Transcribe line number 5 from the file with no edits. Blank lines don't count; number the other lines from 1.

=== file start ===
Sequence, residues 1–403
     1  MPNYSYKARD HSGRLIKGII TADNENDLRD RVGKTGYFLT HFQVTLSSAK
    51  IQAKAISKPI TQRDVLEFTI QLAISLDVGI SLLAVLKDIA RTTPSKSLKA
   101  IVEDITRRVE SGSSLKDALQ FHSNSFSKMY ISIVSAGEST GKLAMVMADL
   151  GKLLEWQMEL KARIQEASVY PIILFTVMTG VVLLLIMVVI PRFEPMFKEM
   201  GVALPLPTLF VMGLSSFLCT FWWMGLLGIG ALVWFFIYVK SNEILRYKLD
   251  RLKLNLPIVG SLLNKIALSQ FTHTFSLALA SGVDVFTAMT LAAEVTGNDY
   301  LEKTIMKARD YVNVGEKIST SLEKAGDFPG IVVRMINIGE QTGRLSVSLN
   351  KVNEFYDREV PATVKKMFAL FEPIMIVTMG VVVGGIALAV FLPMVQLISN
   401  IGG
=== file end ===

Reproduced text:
   151  GKLLEWQMEL KARIQEASVY PIILFTVMTG VVLLLIMVVI PRFEPMFKEM